Tuesday, April 24, 2012

How to deal with the Haters.

Copyright Monica L. Shulman

What is WITH people who just want to bring other people down?  In high school my guidance counselor told me that I should give up on applying to certain schools because I would "never get in" - talk about buzzkill (to put it mildly).  He looked right at me and told me "not to bother".  Years later when I was applying to law school the attorney father of a friend told me "not to waste the school's time" and  maybe I "wasn't meant to be a lawyer" when my LSAT scores were low.  Sadly, these are true stories.  Imagine what 17-year-old me must have looked like sitting across the desk from a teacher who was supposedly there to guide me.  Imagine what the 24-year-old version of myself must have been thinking when I was basically told to give up.  Think about what those words, the polar opposite of encouragement, could do to a person.

We all have them.  Those horrible voices talking at us rather than with us -- bringing us down, making us feel terrible, forcing second-guesses when they weren't there before and generally sucking the excitement out of your day and/or life.  Sometimes the source of all that negativity is another person and sometimes it is yourself (hello, worst enemy) but either way, it's no fun to be attacked by haters.

The best way to learn the hard lessons in life is by experience and I've been thinking about the toughest ones a lot lately.  Here are some ideas that have been helpful in keeping myself on track and not letting the haters get to me. 

1.  Start with yourself

You need to be your own cheerleader.  Are you your own worst enemy who tends to focus on all the reasons why you can't do something?  Stop repeating all the reasons why you think you can't.  You need to remind yourself, all the time, that if you want to be you're in control of everything in your life.  This isn't to say that you should be delusional (a lot of people are) about what you can achieve or what your talents are but if you're realistic about your goals, make plans and work hard, then who's to say that you can't have some level of success? 

2.  Ignore them

When I was 17 I wondered whether my guidance counselor was right.  I went home and told my parents that maybe I should just give up.  They looked at me like I was crazy.  Maybe I was.  A few months later when I got an acceptance letter to my first choice school I knew that not only was he wrong but he was negligent and ignorant (awesome combination).  For some reason he decided to pick on me and put me down.  If it wasn't for my parents and my favorite high school teacher he could have done some serious damage not just to my self-esteem but also to my entire future.  I won't even get into the "are you sure you should quit" questions I got when I left my job as an attorney except to say that every single time I told someone my plan it was immediately followed by a feigned concern over whether I was sure I knew what I was doing.  Suffice it to say I didn't let them get to me...too much...I am human after all.

3.  Use them

I know I just said to ignore them but sometimes my biggest source of motivation is listening to the haters and turning their words into the motivation I need to move forward.  Don't let people push you around.  Obviously what these two people said to me years ago haunted me but they've since become reminders of moments when I took control of my own future.  I saw that bully attorney at a networking event after I had graduated from law school and working at one of the top firms in New York.   I'm pretty sure I detected unhappy surprise on his face and I knew he remembered our conversation.  The "you were wrong" tone in my voice was probably a bit more passive aggressive than necessary but a small part of me was glad he felt embarrassed.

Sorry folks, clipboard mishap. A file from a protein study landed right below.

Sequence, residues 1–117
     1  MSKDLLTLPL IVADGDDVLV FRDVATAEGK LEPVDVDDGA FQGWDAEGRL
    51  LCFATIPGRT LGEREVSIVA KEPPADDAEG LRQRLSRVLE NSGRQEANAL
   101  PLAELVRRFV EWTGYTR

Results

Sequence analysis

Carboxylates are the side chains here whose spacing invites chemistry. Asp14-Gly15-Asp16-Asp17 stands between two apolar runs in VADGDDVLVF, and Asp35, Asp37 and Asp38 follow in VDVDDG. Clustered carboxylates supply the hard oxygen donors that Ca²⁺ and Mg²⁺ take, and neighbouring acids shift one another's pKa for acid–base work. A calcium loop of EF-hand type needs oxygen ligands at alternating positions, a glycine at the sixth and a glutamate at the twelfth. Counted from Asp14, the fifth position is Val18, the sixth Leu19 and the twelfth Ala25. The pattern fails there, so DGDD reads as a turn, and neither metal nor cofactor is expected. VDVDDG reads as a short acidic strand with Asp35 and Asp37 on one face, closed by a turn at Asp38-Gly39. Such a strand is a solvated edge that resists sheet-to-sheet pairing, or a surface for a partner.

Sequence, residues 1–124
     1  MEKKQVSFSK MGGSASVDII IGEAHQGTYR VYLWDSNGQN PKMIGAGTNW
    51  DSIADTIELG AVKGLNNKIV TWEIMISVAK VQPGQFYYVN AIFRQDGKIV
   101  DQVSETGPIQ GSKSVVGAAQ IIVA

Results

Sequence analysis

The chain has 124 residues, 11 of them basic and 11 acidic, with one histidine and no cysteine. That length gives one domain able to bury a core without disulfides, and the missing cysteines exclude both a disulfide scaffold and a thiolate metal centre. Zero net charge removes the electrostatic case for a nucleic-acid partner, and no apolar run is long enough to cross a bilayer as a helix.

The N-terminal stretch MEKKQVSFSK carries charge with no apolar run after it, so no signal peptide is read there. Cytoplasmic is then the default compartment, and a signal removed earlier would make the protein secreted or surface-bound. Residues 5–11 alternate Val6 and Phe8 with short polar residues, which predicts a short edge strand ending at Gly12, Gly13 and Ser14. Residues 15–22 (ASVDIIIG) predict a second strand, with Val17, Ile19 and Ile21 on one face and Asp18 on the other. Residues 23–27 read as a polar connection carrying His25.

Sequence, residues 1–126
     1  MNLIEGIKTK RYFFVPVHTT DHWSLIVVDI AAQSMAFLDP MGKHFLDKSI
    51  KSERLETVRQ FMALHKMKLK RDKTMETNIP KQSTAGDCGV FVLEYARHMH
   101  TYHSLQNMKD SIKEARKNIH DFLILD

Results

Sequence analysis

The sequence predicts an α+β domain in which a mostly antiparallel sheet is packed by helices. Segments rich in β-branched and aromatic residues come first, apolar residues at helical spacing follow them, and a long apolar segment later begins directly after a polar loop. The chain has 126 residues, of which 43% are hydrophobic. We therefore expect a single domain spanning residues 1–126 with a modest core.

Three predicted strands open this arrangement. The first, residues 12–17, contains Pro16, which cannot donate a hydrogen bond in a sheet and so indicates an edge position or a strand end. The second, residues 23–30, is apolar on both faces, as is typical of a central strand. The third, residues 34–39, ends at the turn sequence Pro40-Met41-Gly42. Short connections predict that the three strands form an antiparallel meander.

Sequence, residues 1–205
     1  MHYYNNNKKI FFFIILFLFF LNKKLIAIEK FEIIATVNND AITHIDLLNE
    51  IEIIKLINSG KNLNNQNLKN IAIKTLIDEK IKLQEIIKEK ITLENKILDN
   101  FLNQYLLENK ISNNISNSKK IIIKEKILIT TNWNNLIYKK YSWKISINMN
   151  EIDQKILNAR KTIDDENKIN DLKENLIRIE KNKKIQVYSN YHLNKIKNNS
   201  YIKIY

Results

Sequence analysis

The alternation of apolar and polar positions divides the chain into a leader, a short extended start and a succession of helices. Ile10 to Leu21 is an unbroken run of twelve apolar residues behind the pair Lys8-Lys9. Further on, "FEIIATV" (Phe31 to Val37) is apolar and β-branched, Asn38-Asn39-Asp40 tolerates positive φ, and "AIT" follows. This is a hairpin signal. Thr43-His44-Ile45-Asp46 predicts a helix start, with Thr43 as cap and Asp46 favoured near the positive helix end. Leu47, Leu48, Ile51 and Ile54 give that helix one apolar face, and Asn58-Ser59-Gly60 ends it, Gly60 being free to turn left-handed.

4. Accept that you might fail

This isn't to say that you should believe the haters.  It's a fact of the world that not everything works out the way you hoped.  I make myself feel better by reminding myself that at one point or another, the people who I admire, have been brought down by someone and had some kind of failure or rejection in their life.  Yet, somehow, they were able to peel themselves off the floor, ignore all the noise and move on to the next thing. 

5.  Surround yourself with people who can bring you up

It sounds cliche but some people are just jealous and angry and cannot see past themselves.  So when they look at someone who is a little vulnerable, trying to make their life better or trying to evaluate their dreams and hopes, they try to bring those people down.  The words and comments hurt (I'm human after all) but I have to remind myself that all that bitterness and contempt can't possibly be just about me.  I end up feeling sorry for them instead of believing their hateful words toward me.

Cut all the haters out of your life, even the ones who are masquerading as friends.  When I was in my 20s I had a friend who was so awful it seemed like there was a black cloud hanging over her.  She was cynical and bitter.  I tried to be positive but she thought I was overly optimistic and she always found a way to bring me (and everyone else) down.  She was such a gossip that I secretly wondered what she must say about me when I wasn't in the room.  Our friendship ended for a number of reasons but I can honestly say that not having her in my life is so uplifting.  A bad friend can be like a bad habit that needs to be broken.  It's never easy to end a friendship but when you're on the other side of it you realize that you're better off. 

What about you?  Do you have any tips for dealing with haters?  I'd love to hear.

Also, what to do if you want to change careers and 10 things to think about on the road to success.

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